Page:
Among the many diagnostic tools we have at our disposal are radiographs commonly referred to as ‘x-rays’. They include intraoral periapical radiograph and the bitewing radiograph. The use of a radiograph during a clinical examination enables imaging of the intraoral bone structure, along with the teeth it supports.
Radiographs, can target acute areas of the mouth as well as provide a full mouth series of images. These images highlight the roots of teeth, as well as the crowns, providing valuable information to aid the diagnosis of common dental conditions including tooth decay, abscesses, and periodontal (gum) disease. Radiographs can also locate the presence of prior restorations, tartar, tooth fragments, as well as irregularities in oral bone anatomy.
What You Can Expect: The Radiograph Dental X-ray Process
The radiography process is relatively simple for both periapical and bitewing radiographs. Below is a list of steps taken to ensure comfort and safety.
- Patients will sit upright in a dental chair.
- The radiographer will insert a film holding device into the patient’s mouth, designed for the patient to bite firmly with their teeth so as to secure it in position. This is necessary to ensure optimal image quality.
- Once the patient is able to hold the correct position, the radiographer will leave the room and activate the machinery used to expose the film to radiation.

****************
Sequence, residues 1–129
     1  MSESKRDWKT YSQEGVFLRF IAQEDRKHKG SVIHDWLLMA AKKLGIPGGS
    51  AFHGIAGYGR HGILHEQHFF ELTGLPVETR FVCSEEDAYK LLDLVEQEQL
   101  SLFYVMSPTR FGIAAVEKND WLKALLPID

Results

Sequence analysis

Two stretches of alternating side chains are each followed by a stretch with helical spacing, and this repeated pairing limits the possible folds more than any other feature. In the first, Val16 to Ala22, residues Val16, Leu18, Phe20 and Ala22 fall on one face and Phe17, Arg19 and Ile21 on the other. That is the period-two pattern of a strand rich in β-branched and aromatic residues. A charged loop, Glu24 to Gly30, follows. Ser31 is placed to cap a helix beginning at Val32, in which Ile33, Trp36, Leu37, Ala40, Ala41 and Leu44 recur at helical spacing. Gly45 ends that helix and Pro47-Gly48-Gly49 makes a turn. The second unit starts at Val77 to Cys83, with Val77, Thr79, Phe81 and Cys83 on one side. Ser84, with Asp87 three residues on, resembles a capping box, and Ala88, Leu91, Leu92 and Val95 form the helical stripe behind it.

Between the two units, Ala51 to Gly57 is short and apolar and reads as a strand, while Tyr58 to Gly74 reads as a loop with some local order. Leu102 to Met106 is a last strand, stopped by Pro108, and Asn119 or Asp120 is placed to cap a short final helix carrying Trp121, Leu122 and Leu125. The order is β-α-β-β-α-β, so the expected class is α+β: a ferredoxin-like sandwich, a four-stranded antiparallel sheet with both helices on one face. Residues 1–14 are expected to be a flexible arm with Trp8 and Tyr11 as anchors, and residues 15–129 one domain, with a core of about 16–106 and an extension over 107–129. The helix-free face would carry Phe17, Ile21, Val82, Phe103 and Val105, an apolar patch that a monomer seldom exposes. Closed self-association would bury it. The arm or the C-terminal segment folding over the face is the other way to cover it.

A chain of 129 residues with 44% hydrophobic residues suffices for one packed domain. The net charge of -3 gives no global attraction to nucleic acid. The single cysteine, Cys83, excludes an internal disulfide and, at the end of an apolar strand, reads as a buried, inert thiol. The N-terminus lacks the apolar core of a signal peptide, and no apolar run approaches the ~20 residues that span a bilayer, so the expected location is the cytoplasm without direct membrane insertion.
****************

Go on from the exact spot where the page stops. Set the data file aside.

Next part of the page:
- This process may be repeated for different areas of the mouth.
- We’ll then save the images, making sure that all prescribed areas of the mouth are adequately visible.
Importantly, radiation exposure during the process is minimised to the greatest extent possible whilst maintaining the required diagnostic value. The level of radiation emitted from the periapical and bitewing methods of radiography is roughly equivalent to that received daily from the natural environment.
The Benefits of Periapical and Bitewing Radiographs
Periapical and Bitewing radiographs each provide the same general value. That is, to provide our dental practitioners with an intraoral diagnostic tool that drastically increases diagnostic capability.
Bitewing radiographs, usually taken in a 4 film series, provide high resolution images of both sides of the mouth, targeting the rear of the jaw from the canines backward.
Periapical radiographs can be used to target individual areas of the mouth, as well as the full mouth, and are usually taken in a longer series. The benefits of having two methods of radiography available ultimately amounts to more effective diagnostic capability.
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